We got to the monument and sat on the bench for lunch.  The Monument was still closed for repairs.  Prior to our trip, the monument was struck by lightning and damaged.  There were 2 women in it at the time, and one was seriously hurt.  That afternoon it was a sunny, though windy, day.  There were 2 men there bird watching.  I assumed they were watching peregrine falcons, but I was too tired to bother to go ask them.
The vultures were there. Circling.
Normally I would be interested in walking around and looking at the view, but all I wanted to do was die not move.  My mom walked around and took pictures, thankfully.

After lunch and a rest, we headed out.  At this point, I had made the decision that I needed to end the hike.  My cousin had also come to this decision as she was dealing with some pain as well.  My husband is the one who really pushed that I needed to stop.  So the choice was made, my cousin and I would be heading to her house for the remainder of the trip while my mom and husband continued on.  As we made our way down the trail, we discovered that there was more to the Washington Monument State Park than we realized.  Down the hill from the monument, there are pavilions, picnic areas, a museum and bathrooms.  Had we known, we might have eaten our lunch comfortably at a picnic table. 
As we hiked on, we that we would all have dinner at the Olde South Mountain Inn which was where we were meeting my aunt.  The thought of a hot meal that didn't require me to boil water and a soft bed I didn't have to blow up gave me a little extra energy (not to mention all the extra sugar from the lifesaver candies my mom was handing me). We reached the parking lot of the restaurant and my cousin and I sat on the curb and waited while my mom and husband went to set up their camp at the Dahlgren Backpacking campsite.  When my aunt pulled in, my cousin and I were all smiles and waving.  My aunt commented that we made it past MD 77 which was further than she thought we would make it (like I said, she's hilarious).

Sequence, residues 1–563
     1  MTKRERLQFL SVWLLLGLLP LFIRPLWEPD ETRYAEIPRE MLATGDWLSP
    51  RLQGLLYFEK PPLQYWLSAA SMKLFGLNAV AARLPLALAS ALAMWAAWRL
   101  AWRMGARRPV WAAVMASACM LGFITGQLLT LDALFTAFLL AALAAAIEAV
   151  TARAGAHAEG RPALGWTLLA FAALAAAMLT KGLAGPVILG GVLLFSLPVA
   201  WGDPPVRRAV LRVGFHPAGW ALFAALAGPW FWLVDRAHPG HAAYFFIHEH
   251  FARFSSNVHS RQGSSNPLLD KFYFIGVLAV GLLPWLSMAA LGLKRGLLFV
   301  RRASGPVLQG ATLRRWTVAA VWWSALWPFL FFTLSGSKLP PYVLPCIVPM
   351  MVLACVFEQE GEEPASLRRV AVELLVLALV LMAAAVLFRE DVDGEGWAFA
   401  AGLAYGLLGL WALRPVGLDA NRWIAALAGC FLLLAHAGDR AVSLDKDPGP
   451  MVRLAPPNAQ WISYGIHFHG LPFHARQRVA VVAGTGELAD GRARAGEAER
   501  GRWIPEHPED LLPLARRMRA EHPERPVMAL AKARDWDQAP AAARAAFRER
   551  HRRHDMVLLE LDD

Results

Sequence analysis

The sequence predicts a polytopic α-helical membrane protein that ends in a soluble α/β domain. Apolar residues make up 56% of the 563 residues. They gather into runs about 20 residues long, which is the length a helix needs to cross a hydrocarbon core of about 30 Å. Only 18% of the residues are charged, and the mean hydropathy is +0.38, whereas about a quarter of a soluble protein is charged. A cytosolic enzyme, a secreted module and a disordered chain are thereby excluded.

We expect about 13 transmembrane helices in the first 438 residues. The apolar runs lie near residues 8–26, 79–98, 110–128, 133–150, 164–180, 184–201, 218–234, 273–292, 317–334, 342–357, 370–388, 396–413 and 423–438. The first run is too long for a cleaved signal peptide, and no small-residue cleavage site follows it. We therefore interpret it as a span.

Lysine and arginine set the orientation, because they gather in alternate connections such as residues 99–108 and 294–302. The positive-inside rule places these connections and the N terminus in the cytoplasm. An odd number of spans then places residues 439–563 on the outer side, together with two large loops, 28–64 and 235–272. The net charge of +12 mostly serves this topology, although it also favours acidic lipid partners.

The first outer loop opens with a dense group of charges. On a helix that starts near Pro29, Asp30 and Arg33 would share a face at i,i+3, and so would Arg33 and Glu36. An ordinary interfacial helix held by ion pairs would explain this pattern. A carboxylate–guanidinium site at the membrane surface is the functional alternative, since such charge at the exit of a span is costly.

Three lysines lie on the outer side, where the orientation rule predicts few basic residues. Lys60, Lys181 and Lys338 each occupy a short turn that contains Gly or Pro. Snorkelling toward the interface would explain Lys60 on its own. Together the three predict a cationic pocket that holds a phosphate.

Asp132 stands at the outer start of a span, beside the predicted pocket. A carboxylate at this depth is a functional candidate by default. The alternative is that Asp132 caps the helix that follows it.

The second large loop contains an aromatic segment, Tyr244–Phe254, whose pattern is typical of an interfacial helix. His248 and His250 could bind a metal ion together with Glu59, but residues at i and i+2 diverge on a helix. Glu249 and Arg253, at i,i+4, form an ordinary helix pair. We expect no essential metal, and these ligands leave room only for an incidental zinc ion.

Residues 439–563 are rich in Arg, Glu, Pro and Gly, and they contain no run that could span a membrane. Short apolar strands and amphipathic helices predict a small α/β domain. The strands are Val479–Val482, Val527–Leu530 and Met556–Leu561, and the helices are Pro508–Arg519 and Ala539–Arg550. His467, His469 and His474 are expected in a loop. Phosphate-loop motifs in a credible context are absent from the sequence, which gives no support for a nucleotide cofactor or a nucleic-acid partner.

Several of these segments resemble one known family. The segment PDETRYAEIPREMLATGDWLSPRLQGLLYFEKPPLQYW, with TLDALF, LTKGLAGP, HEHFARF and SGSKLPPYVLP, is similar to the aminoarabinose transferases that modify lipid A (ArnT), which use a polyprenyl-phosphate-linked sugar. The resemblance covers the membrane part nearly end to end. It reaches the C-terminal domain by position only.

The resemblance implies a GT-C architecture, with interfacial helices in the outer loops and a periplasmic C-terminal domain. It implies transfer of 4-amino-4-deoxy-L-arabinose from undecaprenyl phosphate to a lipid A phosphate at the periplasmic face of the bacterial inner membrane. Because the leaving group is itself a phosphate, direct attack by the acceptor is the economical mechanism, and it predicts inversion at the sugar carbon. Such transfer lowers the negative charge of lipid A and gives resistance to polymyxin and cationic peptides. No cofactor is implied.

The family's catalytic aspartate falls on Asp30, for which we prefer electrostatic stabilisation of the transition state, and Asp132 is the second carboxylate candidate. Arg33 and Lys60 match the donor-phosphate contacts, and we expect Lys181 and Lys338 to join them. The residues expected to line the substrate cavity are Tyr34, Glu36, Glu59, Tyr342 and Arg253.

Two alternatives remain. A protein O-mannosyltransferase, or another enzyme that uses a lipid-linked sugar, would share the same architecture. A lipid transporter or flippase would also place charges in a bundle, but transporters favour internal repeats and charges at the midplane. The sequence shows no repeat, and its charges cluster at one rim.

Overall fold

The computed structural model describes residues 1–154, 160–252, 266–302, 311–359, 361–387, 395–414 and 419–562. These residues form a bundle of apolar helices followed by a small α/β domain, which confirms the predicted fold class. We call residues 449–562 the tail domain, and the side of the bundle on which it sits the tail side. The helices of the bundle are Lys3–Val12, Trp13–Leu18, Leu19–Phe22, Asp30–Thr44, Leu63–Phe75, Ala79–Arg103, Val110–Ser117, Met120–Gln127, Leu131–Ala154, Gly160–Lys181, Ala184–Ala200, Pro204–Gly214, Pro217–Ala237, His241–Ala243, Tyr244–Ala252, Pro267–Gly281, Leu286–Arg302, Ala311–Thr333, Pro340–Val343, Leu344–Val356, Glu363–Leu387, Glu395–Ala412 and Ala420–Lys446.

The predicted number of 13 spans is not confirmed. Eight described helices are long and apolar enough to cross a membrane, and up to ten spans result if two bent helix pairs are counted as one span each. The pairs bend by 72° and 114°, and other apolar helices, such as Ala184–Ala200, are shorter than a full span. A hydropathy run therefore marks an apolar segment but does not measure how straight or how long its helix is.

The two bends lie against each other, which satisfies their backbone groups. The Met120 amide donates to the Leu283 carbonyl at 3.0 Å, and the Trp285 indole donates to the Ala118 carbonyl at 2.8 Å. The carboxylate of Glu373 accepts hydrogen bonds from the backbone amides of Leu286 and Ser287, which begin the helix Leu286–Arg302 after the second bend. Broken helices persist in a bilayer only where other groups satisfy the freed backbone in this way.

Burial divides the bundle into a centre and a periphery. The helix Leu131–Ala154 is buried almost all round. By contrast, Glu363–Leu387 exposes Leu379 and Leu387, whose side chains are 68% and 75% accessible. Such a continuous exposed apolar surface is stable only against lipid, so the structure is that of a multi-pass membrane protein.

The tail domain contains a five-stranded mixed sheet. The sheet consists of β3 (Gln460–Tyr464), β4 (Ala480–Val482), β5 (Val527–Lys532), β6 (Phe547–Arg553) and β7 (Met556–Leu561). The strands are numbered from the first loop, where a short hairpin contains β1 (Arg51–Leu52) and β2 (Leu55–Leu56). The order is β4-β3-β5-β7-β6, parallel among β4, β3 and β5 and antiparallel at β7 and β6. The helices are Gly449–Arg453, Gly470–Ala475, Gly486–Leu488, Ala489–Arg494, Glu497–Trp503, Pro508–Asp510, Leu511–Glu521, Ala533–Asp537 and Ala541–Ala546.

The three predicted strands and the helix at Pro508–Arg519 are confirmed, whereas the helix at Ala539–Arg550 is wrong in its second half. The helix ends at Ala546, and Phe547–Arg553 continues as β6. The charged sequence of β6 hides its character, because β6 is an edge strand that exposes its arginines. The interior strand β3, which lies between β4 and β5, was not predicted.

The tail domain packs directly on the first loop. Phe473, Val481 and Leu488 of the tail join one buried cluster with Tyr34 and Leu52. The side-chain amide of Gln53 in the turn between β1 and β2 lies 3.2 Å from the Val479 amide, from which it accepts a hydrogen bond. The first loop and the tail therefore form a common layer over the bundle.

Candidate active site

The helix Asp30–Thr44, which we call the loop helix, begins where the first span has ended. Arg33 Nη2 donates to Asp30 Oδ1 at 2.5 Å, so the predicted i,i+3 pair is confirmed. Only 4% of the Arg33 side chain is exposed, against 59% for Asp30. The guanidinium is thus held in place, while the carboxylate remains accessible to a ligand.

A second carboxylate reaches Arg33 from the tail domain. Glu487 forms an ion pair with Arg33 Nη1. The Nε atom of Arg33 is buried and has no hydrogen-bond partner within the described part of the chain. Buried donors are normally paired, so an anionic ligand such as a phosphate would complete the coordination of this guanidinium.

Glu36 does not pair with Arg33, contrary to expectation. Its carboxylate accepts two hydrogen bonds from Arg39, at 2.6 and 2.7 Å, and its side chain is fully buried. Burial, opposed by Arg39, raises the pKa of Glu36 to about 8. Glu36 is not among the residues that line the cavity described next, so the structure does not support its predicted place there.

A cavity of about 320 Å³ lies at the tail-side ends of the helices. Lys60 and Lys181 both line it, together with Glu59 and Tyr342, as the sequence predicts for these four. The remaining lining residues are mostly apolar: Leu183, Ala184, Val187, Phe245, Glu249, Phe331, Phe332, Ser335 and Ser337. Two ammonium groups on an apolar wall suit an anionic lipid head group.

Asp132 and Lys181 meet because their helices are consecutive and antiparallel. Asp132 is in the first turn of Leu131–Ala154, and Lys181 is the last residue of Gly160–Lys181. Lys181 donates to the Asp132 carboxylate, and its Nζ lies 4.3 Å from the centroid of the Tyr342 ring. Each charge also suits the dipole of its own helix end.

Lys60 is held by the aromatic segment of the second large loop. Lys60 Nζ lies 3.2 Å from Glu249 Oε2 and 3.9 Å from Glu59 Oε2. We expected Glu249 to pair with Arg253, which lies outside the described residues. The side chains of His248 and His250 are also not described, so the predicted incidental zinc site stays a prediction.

When my mom and husband made it back, we all headed into the restaurant.  We weren't exactly dressed for the occasion, though luckily, none of us stunk too bad.  There was a wedding rehearsal dinner going on, and we were all a little self conscious about our clothes.  The staff at the Inn were very nice and treated us just like any other customer who might be in better attire.  Our meals were awesome as was the dessert.  Starting back on day 1 about an hour into the hike, we were all dreaming about food.  I guess when you're hiking through the woods with little to no signs of civilization carrying everything you need to survive on your back, food becomes an obsession.  My mom, cousin and husband started talking about Key Lime pie and continued talking about it right up until we were seated at the table in the Inn. And wouldn't you know it, the South Mountain Inn had Key Lime pie.  I had the chocolate Godiva cake and it was awesome.  This turned out to be a surprise gem in our trip.  We had a great time, ate great food and had a great waiter.  The only odd treatment we received was some hoity toity blonde woman who turned her nose up at us as we walked out (I swear we didn't stink).  For those planning hikes along the trail here, note that the menu is pricey (though so worth it).  After dinner, we said our goodbyes and my cousin and I headed to her place for showers and clean clothes.  It was up there in my top 5 showers (hard to beat the shower I had after living in a field for several days at the UFO Ranch in Washington or the one I had after a weekend of Scout Camporee and nothing but Port-a-Pottys)
Day 3 coming up!